area 5
=>    { replace the left-hand side  area r = ...  by the right-hand side  ... = pi * r^2 }
   pi * 5^2
=>    { replace  pi  by its numerical value }
   3.141592653589793 * 5^2
=>    { apply exponentiation (^) }
   3.141592653589793 * 25
=>    { apply multiplication (*) }

As this shows, to apply or call a function means to replace the left-hand side of its definition by its right-hand side. As a last step, GHCi prints the final result on the screen.

Here are some more functions:

double x    = 2*x
quadruple x = double (double x)
square x    = x*x
half   x     = x / 2
  • Explain how GHCi evaluates quadruple 5.
  • Define a function that subtracts 12 from half its argument.

Multiple parametersEdit

Of course, functions can also have more than one argument. For example, here is a function for calculating the area of a rectangle given its length and its width:

areaRect l w = l * w
*Main> areaRect 5 10

Another example that calculates the area of a triangle \left(A = \frac{bh}{2}\right):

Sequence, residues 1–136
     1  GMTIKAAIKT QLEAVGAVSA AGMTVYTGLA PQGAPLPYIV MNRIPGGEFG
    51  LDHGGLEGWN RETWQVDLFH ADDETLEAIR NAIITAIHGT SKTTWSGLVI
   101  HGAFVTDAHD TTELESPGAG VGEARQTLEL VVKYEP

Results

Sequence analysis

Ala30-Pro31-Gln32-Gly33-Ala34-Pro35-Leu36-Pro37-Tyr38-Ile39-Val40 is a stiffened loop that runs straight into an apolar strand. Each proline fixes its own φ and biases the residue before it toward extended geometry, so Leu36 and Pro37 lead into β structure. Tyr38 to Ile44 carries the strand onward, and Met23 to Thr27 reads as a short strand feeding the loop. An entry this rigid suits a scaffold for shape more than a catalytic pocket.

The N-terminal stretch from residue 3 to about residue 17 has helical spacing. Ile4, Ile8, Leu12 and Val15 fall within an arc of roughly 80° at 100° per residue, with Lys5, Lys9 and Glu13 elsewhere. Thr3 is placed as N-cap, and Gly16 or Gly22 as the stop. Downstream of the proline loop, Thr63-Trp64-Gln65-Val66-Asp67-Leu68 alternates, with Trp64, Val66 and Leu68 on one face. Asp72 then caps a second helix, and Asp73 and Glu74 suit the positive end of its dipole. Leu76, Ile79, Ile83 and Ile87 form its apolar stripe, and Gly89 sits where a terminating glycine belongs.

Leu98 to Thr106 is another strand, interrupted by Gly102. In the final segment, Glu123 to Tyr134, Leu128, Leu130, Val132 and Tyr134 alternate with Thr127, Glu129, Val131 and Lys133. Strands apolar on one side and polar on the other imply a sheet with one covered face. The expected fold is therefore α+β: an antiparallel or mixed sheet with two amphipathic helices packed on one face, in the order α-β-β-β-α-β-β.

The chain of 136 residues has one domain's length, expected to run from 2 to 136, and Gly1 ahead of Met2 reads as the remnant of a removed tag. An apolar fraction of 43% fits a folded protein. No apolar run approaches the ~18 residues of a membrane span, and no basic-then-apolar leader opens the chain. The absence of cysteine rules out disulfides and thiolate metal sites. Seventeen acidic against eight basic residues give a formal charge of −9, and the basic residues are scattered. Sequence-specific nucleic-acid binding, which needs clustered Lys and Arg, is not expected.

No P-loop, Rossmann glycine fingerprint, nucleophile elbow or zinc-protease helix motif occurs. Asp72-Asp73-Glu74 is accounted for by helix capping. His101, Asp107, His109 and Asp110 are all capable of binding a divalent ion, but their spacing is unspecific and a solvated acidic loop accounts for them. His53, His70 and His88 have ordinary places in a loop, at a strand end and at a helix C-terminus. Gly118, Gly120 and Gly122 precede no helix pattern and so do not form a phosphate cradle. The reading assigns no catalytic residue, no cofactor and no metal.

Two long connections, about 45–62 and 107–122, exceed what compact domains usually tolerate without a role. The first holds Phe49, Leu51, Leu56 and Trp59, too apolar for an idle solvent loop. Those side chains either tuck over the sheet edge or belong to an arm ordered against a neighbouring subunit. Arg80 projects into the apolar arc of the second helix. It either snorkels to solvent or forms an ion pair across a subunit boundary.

areaTriangle b h = (b * h) / 2
*Main> areaTriangle 3 9

As you can see, multiple arguments are separated by spaces. That's also why you sometimes have to use parentheses to group expressions. For instance, to quadruple a value x, you can't write

quadruple x = double double x

because that would mean to apply a function named double to the two arguments double and x: functions can be arguments to other functions (and you will see why later). Instead, you have to put parentheses around the argument:

quadruple x = double (double x)

Arguments are always passed in the order given. For example:

subtract x y = x - y
*Main> subtract 10 5
*Main> subtract 5 10